Prime Time Sisters lead celebration of Ebony Fashion Fair
By LAURA WASHINGTON November 18, 2013 10:08AM
Updated: December 19, 2013 6:12AM
The Prime Time Sisters were in the house. I met them at the Chicago History Museum on a visit to its special exhibition, “Inspiring Beauty: 50 years of Ebony Fashion Fair.”
The 17 African-American ladies are connecting in their golden years at the Mather Senior Center in Chatham. They call themselves the Prime Time Sisters Circle and gathered at the Lincoln Park museum to check out the Fashion Fair exhibit. They remind me that history should be a living thing.
The sprawling exhibit celebrates Ebony Fashion Fair, the African-American extravaganza that traveled the nation from 1958 to 2009, raising millions for charity. The annual show was spearheaded by the late Eunice W. Johnson, who, with husband John H. Johnson, co-founded the Johnson Publishing Co. and its flagship Ebony magazine, the bible of black success.
Prime Timer June Nicholas attended Fashion Fair in the Chicago area for about 20 years, she told me. It was “fascinating,” she beamed, to sit in the audience with John and Eunice Johnson. “Here you would see these icons. You would be there with them.”
Johnson Publishing and the museum collaborated to select 67 ensembles from the thousands that toured over the show’s run.
Fashion Fair emerged at a time when blacks were forced into separate washrooms, lunch counters, and inferior schools, especially in the South.
It was black, all the way. Eunice Johnson tapped black models, black designers, black stylists to present the highest of high fashions to, and for, black audiences.
The startup was rough. In the 1960s, Johnson wasn’t welcome as a buyer at the European fashion houses, where she sought to purchase the latest fine couture.
“She has to fight for entry, initially,” recalled her daughter in an exhibit video. “They didn’t know who Eunice Johnson was,” said Linda Johnson Rice, the current chairman of Johnson Publishing.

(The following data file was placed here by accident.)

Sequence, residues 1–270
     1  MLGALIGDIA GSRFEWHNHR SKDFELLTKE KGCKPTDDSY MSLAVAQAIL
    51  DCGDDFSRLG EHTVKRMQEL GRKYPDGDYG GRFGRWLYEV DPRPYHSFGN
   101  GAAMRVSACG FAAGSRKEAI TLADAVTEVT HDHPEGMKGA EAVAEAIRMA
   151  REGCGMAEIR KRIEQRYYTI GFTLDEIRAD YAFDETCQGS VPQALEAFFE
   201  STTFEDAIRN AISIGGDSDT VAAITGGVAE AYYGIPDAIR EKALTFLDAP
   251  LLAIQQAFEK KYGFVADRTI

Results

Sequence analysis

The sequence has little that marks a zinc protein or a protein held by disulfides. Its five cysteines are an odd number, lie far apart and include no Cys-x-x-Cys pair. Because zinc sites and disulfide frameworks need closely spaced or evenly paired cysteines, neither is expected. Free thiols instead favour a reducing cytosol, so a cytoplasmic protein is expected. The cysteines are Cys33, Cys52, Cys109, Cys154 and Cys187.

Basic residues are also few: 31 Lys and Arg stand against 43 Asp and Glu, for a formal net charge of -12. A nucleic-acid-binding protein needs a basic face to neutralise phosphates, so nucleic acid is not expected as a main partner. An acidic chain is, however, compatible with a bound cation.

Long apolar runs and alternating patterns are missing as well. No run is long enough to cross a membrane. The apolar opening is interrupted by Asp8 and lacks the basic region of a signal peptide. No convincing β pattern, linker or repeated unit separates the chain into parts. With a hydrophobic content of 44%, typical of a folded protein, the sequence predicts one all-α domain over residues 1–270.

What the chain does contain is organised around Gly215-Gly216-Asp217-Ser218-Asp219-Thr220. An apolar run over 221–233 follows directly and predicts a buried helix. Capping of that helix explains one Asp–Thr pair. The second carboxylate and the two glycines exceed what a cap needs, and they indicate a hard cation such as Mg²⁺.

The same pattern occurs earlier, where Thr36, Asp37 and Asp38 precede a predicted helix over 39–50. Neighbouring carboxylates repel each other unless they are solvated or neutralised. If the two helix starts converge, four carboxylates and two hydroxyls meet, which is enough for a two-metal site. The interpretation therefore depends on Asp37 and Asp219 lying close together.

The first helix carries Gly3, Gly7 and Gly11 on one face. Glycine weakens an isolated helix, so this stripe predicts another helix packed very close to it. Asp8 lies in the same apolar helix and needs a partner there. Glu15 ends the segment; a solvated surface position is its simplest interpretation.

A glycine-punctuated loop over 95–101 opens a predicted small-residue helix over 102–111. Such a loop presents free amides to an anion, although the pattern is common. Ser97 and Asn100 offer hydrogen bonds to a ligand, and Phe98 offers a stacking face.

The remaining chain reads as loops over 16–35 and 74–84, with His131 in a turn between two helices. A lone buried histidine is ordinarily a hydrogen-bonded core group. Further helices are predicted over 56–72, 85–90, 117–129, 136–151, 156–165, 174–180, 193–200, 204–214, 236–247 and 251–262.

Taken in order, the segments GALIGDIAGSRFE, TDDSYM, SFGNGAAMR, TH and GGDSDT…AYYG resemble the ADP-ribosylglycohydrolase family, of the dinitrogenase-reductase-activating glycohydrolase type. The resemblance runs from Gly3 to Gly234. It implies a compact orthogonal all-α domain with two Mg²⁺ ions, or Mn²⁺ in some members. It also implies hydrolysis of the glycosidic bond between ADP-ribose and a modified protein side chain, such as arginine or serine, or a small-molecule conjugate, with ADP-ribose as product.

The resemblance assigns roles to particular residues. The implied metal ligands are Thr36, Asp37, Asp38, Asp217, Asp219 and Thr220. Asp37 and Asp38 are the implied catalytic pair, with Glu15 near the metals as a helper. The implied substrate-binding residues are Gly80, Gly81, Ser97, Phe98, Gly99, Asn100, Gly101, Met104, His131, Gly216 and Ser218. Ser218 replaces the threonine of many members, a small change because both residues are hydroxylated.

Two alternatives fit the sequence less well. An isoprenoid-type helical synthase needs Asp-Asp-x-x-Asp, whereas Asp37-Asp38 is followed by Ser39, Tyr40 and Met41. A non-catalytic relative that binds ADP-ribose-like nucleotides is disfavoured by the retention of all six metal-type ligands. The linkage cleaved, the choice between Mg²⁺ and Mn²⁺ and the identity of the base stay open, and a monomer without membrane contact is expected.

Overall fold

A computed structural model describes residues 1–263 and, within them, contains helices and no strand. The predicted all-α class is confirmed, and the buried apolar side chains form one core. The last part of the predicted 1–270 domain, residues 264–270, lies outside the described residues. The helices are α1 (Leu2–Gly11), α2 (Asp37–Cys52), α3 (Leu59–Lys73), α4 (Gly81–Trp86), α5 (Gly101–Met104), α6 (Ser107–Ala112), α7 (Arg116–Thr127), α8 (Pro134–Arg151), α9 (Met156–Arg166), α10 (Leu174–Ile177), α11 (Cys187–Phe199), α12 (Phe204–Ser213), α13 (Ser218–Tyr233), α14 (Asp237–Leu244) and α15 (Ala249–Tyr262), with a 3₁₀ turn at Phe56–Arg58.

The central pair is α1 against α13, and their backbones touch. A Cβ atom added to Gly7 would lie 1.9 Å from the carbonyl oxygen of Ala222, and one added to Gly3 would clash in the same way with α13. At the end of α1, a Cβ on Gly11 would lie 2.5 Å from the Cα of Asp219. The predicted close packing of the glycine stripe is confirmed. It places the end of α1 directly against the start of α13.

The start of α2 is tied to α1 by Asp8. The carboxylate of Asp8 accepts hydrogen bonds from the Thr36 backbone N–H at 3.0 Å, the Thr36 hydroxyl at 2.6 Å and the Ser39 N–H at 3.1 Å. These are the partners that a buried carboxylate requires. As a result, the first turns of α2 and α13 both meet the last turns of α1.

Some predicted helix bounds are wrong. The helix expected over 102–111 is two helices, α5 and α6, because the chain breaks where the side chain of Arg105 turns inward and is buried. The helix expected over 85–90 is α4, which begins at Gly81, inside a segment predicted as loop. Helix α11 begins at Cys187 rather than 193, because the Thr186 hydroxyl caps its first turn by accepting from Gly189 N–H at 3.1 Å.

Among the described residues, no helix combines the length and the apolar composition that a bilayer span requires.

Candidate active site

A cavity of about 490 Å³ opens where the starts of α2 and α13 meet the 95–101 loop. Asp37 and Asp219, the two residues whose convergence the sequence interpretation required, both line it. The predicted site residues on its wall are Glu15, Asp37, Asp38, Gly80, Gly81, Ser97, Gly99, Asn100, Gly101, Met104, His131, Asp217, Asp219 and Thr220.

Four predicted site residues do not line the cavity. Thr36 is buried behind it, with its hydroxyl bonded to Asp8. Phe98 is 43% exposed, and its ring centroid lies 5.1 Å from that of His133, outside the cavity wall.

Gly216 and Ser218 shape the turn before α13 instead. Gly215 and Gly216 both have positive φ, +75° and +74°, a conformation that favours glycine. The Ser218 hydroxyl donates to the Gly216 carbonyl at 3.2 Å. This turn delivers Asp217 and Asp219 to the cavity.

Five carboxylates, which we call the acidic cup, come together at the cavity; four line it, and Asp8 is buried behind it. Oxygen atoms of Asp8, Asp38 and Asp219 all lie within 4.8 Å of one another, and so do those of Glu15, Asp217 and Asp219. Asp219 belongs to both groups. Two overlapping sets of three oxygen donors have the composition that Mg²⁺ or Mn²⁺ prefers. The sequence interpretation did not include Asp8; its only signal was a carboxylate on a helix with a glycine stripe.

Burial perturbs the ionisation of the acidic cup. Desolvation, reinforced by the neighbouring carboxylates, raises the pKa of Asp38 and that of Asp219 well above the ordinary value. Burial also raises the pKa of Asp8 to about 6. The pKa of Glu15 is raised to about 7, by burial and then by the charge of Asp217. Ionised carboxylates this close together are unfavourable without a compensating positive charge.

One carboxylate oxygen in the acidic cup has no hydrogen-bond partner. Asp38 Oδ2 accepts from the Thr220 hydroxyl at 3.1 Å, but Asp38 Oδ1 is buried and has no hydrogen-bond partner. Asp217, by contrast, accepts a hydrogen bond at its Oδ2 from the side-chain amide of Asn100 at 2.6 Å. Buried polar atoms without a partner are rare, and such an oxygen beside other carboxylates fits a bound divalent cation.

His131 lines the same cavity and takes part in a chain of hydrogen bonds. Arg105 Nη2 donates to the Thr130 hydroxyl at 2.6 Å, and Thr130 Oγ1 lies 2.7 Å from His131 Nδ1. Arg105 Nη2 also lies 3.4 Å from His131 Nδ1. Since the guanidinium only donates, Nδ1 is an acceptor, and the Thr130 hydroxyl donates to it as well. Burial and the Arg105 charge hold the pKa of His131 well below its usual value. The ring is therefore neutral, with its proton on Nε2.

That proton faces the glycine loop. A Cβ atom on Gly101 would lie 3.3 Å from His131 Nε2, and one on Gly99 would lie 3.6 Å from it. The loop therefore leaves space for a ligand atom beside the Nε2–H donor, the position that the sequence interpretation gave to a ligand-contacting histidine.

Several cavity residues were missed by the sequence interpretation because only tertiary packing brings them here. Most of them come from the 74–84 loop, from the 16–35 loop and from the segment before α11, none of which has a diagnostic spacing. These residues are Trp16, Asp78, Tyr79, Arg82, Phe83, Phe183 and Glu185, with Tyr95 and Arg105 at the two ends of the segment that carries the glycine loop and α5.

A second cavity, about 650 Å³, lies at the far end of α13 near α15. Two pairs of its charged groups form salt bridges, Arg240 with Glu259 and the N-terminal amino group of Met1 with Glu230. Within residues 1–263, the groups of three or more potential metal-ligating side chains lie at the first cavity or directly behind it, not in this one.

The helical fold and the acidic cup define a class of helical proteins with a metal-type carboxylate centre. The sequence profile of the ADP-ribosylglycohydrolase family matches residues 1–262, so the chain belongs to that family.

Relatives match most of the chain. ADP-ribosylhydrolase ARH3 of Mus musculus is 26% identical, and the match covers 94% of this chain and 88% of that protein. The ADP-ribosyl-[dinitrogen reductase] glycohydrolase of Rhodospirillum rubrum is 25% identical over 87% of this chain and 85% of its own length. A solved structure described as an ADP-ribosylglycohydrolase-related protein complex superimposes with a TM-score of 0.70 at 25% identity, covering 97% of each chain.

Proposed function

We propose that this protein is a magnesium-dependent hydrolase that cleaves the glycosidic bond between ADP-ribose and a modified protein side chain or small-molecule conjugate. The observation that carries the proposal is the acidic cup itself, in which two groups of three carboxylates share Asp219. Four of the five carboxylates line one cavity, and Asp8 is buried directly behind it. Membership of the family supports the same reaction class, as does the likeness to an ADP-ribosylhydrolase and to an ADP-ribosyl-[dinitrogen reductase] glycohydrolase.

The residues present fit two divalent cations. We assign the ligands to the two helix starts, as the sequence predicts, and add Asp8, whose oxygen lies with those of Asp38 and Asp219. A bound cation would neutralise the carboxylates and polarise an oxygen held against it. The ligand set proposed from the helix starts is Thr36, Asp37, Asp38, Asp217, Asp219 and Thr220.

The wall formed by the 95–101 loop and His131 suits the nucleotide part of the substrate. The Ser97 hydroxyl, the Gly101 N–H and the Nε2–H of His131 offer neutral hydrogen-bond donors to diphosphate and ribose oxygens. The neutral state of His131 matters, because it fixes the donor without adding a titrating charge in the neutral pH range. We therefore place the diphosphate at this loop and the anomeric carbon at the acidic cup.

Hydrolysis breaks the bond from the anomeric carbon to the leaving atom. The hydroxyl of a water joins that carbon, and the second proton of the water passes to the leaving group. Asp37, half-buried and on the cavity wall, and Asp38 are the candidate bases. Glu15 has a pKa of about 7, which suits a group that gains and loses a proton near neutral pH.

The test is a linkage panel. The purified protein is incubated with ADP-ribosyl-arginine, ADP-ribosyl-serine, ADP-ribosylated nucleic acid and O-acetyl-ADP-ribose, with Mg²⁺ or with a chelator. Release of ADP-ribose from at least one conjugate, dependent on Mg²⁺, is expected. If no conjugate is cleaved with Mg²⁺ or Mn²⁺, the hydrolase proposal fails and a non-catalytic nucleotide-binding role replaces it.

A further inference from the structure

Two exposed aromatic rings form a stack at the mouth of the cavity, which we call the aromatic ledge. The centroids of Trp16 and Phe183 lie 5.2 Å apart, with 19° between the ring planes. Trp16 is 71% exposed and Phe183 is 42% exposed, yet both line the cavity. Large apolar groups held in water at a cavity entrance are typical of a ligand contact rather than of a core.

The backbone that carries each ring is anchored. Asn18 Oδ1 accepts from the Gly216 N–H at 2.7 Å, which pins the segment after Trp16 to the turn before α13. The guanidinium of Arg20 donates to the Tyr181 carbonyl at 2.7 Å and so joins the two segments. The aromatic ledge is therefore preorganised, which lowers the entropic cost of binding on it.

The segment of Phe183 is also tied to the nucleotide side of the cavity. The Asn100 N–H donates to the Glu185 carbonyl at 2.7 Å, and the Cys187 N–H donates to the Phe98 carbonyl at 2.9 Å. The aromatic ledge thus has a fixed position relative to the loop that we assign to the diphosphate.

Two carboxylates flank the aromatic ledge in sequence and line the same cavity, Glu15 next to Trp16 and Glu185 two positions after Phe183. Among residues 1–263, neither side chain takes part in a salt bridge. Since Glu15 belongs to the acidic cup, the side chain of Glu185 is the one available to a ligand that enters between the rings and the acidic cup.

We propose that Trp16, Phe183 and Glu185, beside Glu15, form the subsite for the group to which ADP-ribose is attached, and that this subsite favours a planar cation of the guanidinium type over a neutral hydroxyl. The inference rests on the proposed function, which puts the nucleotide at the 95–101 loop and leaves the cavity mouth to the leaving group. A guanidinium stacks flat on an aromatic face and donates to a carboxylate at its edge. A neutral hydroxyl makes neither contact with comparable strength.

The couture houses thought Johnson was a Negro looking for a handout. But Johnson showed them the money, purchasing top-flight designers such as Oscar de la Renta, Christian Dior, Yves Saint Laurent, and acclaimed black artisans like Stephen Burrows.
She built a showcase. The museum exhibit is an explosion of feathers, fringe, sequins, chiffon and silk, the boldest of reds, the royalest of blues.
Her mother favored the “outrageous,” Rice said. She matched a screaming yellow Dior dress with the darkest skinned model she could find. Her message: Black people will stand up, be counted, and gorgeous.
“She really took this work seriously in terms of offering the best in international fashion to her audiences, showcasing African-American talent, and using the show as a philanthropic platform,” Joy Bivins reflected in an email. “It could have been just a lovely fashion show, but Mrs. Johnson took things to a higher level,” said Bivins, who curated the museum show.
Fashion Fair ceased in 2009, during the recession. Eunice Johnson died in 2010 at 93. The museum show closes on Jan. 4, then goes on the road.
On Thursday, Rice will appear at the museum at 7 p.m. I have been commissioned to interview her about the legacy of Fashion Fair. Let’s hope the Prime Time Sisters join us. There is more living history to tell.